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we're going to wait until everybody sits down for these young people. we're going to do it. you and me, we'll just stand here and talk. >> one of the highlights of the white house correspondents dinner is the awarding of about $100,000 worth of scholarships to aspiring young journalists. last year first lady michelle obama was there to greet each recipient with an enthusiastic hug. this year the president and first lady won't be in attendance, but it will still be a big night for the 23 scholarship winners. joining me now are two of the scholarship recipients, anthony brown and katherine hofacker. congratulations, first of all, on winning these scholarships. tell us about the application process to do it and what you guys are doing in school. >> well, this was ohio university's first year in the
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scholarship program. we're very excited and very proud to be part of it. the way they did the process was just through the normal journalism school applications. the director called me and my two fellow scholars in and said you're going to d.c. and we said, wow. >> same question to you, anthony. you're studying and i know you're at the great howard university. what do you want to do? >> yes, i'm a senior. what's great with howard university is they have a storied relationship with the white house correspondents association so it's a very competitive process. but since we do have that open dialogue with the white house correspondents association, it's something that we know is available and we really go out and seek it. >> and these scholarships, this is to further your education. is it for doing individual projects? what are the scholarships for? >> the scholarships are contributing to our general education, so for me this basically has my tuition covered. >> great. >> so for me this means i don't have to worry about expenses and i'm focusing more on projects,
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i'm focusing on producing content and basically advancing myself through my senior jeer so i can get a job. >> same thing? >> yes. it gives us an opportunity to do what we love to do. it allows me to pay for my tuition, for housing, so i can focus on the craft and learning more about journalism and the industry. >> so i have to put this tweet, not to make everything about donald trump, but he did just tweet just a little while ago about the thing he's doing instead of going to your dinner. looking forward to rally in all caps in great state of pennsylvania tonight at 7:30. big crowd, big energy, et cetera, et cetera, et cetera. does it disappoint you guys that the president of the united states is skipping an event that really is about you guys and promoting actively the fact that he's skipping it? >>'m not surprised, but i am disappointed. it fitsith his brand and how he is seen by the public. but i feel like since they have really given the agenda that the press is the enemy of the american people that it gives a
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great opportunity to have that conversation and build a better relationship with the next generation of journalists, so in that regard it is a little disappointing. >> i agree. it is a bit disappointing. however, i think it's a very unique opportunity for the press to look inward on ourselves and for us to sit down and say this is our history, this is what we need to do in the future, and regardless of whether this administration is going to cooperate with us, we are going to go forth and report it accurately and objectively and that's our goal, whether or not donald trump is on board with it. >> i love the fact that you're already saying us and including yourselves in the craft of journalism. i'm going to give you a little bit of a critique. do you think that in the past journalism has become too much about access, that it's become sort of the coziness with the white house and not enough of an adversarial relationship. >> we were having a conversation about objectivity and where you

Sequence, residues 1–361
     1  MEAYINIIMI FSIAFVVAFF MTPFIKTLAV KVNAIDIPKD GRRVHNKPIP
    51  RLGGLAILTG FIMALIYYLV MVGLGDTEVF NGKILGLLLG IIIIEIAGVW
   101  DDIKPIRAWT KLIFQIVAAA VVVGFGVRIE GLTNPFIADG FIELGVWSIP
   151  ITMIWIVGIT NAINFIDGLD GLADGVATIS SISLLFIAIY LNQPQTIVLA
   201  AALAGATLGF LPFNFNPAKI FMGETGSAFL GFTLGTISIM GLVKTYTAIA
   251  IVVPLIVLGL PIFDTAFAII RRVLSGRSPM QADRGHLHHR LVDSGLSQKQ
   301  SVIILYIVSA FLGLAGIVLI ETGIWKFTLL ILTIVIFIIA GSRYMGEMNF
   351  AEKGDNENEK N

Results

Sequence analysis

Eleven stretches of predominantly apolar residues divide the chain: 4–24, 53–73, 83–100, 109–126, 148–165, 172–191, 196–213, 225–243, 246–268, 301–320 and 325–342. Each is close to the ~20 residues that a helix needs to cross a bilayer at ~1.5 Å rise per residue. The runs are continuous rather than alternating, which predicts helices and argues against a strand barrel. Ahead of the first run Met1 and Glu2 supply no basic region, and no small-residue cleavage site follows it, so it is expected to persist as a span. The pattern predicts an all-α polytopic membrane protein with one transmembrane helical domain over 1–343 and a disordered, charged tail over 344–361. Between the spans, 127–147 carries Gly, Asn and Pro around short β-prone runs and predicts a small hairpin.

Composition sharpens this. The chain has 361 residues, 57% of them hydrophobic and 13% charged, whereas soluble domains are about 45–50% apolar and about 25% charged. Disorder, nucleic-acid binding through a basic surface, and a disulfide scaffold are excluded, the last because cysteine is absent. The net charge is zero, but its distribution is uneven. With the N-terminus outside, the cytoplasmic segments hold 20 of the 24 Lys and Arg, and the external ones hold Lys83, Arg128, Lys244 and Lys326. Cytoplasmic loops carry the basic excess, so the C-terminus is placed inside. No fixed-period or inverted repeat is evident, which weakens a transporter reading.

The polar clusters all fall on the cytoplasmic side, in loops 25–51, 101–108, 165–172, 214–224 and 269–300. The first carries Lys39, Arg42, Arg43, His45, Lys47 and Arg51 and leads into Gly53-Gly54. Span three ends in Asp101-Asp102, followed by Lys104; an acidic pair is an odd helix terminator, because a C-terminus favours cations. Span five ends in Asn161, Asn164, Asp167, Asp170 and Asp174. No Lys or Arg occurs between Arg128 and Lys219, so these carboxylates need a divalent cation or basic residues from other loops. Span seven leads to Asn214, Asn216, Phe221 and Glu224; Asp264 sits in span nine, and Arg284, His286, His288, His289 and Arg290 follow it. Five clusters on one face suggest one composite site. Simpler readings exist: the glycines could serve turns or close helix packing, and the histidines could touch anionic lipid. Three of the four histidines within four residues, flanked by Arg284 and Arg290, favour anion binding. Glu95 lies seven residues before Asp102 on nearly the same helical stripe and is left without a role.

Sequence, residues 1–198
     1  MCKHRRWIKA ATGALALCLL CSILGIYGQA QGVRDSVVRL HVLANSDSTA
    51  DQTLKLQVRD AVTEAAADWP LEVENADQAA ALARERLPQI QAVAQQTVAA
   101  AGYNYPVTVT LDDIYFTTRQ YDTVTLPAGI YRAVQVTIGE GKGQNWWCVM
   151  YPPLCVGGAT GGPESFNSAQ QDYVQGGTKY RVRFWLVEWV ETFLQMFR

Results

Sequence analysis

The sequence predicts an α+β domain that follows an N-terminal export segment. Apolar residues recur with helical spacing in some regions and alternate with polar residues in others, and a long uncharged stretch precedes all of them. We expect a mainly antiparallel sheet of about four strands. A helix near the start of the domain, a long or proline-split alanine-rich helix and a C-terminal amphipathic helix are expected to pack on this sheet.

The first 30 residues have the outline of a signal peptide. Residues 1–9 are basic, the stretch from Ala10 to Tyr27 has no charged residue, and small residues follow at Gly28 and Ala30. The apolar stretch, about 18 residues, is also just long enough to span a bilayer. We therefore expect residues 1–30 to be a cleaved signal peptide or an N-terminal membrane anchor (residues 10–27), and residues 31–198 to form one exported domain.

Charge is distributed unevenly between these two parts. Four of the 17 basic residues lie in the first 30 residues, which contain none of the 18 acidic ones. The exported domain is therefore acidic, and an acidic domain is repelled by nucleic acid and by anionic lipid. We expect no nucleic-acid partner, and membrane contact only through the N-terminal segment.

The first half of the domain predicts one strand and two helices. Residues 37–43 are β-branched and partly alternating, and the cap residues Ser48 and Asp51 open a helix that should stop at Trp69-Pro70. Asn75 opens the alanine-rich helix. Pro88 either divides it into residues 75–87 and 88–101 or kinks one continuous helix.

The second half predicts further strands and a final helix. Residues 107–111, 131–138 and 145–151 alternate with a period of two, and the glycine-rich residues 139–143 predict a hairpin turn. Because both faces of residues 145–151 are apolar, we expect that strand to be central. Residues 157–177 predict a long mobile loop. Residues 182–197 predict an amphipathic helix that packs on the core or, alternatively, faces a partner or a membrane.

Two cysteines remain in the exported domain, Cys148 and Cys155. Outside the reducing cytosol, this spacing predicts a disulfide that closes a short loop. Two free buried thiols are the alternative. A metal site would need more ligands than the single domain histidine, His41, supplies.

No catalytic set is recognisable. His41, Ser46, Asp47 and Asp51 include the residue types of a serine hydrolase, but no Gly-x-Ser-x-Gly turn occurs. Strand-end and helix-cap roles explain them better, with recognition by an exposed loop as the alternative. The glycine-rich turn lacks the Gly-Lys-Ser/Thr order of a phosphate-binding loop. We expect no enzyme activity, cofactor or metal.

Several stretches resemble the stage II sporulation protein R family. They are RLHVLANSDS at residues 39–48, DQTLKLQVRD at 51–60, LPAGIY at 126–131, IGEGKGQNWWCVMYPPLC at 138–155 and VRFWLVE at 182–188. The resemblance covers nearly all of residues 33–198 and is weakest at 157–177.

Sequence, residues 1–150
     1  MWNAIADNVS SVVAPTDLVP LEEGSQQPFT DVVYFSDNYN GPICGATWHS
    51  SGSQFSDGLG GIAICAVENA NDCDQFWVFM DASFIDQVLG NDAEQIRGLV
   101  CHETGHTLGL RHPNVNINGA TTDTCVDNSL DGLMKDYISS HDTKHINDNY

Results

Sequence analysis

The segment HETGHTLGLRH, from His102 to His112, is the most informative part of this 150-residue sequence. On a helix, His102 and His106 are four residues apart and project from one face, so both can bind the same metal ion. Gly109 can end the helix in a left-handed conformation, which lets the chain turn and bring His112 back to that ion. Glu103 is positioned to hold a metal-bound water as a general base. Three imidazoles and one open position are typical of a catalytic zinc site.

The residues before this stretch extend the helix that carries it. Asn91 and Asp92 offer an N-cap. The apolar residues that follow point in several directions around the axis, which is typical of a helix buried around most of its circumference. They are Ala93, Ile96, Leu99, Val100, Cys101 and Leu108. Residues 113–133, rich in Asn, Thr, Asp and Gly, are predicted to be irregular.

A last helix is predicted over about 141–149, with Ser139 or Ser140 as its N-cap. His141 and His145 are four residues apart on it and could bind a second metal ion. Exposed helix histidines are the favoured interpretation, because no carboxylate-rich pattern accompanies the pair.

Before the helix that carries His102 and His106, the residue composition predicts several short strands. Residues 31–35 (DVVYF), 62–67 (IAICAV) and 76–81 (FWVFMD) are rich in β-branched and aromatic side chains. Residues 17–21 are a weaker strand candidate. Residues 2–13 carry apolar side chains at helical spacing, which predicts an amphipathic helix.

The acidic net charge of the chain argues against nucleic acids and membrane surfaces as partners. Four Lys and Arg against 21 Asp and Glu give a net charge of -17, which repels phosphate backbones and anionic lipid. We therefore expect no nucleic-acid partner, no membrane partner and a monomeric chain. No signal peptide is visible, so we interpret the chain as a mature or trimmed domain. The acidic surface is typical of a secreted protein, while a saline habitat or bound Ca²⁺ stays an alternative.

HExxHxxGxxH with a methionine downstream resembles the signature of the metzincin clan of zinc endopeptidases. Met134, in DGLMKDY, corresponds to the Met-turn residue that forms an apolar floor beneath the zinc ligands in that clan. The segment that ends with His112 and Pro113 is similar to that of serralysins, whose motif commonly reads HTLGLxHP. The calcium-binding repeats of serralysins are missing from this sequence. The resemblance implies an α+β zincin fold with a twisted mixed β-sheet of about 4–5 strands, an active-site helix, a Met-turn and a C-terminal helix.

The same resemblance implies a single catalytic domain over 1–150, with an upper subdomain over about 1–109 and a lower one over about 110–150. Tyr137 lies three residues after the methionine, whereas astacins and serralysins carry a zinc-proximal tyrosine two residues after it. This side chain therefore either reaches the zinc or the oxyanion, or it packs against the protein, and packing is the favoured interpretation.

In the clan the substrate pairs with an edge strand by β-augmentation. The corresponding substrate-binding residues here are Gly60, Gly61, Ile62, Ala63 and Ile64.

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draw that line in the sand. i feel like we as an industry are trying to figure out where we need to be in the conversation. we're not going to get it right every single time, but it's a process. you aim to get better and to do better the next time. i'm actually the harry s. mcalpin award winner and he was the first african-american man to be at a white house press conference. so with them giving out this award to me, they're acknowledging we didn't get it right but we're trying to get better in the future. >> i feel like journalism is in good hands. what discipline are you studying in journalism? >> i'm focusing more on political journalism but i'm interested in local journalism and seeing the impact local politics and state impacts has at the community level. >> so important. anthony? >> so i really focus on the intersection of culture, art and politics. so i want to give a substantiated commentary on where we are and how we can go forward. >> i feel like journalism is in good hands with the likes of the two of you taking over and
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taking the helm. one day i might need a job so keep my information handy. >> i definitely will. >> thank you very much, anthony brown jr. and catherine hofacker. congratulations on being white house correspondents association scholars. that is our show today. up next, what we really know about the president's tax plan. and the latest on the climate marches taking place across the country. more news at the top of the hour. at lincoln financial, we get there are some responsibilities of love you gotta our own. and some you shouldn't ve to shoulder alo. like ensuring your family is well taken care of, today and tomorrow, no matter how life unfolds. visit lincolnfinancial.com today to learn how we can help you plan to protect your family's financial future.
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hello, i'm stephanie gosk at msnbc world headquarters in new york. it's high noon in the east, 9:00 a.m. out west, and day 100 of the trump administration. just minutes ago the president tweeted, looking forward to the rally in the great state of pennsylvania tonight. big crowd, big energy. but the voters aren't quite as upbeat. in a new poll, less than half say they approve of the